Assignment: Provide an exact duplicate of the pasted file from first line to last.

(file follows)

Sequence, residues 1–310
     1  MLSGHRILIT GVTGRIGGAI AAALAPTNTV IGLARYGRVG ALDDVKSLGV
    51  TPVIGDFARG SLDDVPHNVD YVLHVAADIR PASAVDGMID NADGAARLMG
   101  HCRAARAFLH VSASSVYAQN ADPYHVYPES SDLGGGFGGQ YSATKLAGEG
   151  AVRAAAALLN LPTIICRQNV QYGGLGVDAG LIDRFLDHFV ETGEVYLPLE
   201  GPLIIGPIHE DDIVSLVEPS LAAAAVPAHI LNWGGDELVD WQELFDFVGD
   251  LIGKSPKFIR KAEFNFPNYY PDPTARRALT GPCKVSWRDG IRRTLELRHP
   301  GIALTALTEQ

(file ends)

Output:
Sequence, residues 1–310
     1  MLSGHRILIT GVTGRIGGAI AAALAPTNTV IGLARYGRVG ALDDVKSLGV
    51  TPVIGDFARG SLDDVPHNVD YVLHVAADIR PASAVDGMID NADGAARLMG
   101  HCRAARAFLH VSASSVYAQN ADPYHVYPES SDLGGGFGGQ YSATKLAGEG
   151  AVRAAAALLN LPTIICRQNV QYGGLGVDAG LIDRFLDHFV ETGEVYLPLE
   201  GPLIIGPIHE DDIVSLVEPS LAAAAVPAHI LNWGGDELVD WQELFDFVGD
   251  LIGKSPKFIR KAEFNFPNYY PDPTARRALT GPCKVSWRDG IRRTLELRHP
   301  GIALTALTEQ